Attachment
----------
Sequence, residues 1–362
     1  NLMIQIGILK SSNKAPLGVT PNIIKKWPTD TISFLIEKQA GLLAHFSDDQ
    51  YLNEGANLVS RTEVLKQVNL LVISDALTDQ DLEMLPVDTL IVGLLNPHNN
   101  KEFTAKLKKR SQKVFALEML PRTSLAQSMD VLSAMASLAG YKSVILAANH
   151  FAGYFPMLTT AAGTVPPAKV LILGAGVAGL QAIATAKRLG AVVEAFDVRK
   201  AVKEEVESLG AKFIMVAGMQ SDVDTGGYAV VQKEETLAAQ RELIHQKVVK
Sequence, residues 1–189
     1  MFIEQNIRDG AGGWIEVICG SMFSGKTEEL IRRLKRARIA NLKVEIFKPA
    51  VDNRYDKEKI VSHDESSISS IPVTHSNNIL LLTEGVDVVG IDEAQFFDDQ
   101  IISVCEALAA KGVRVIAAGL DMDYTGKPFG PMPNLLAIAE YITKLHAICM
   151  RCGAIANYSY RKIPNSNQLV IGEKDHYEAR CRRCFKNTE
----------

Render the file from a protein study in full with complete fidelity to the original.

Sequence, residues 1–362
     1  NLMIQIGILK SSNKAPLGVT PNIIKKWPTD TISFLIEKQA GLLAHFSDDQ
    51  YLNEGANLVS RTEVLKQVNL LVISDALTDQ DLEMLPVDTL IVGLLNPHNN
   101  KEFTAKLKKR SQKVFALEML PRTSLAQSMD VLSAMASLAG YKSVILAANH
   151  FAGYFPMLTT AAGTVPPAKV LILGAGVAGL QAIATAKRLG AVVEAFDVRK
   201  AVKEEVESLG AKFIMVAGMQ SDVDTGGYAV VQKEETLAAQ RELIHQKVVK
Sequence, residues 1–189
     1  MFIEQNIRDG AGGWIEVICG SMFSGKTEEL IRRLKRARIA NLKVEIFKPA
    51  VDNRYDKEKI VSHDESSISS IPVTHSNNIL LLTEGVDVVG IDEAQFFDDQ
   101  IISVCEALAA KGVRVIAAGL DMDYTGKPFG PMPNLLAIAE YITKLHAICM
   151  RCGAIANYSY RKIPNSNQLV IGEKDHYEAR CRRCFKNTE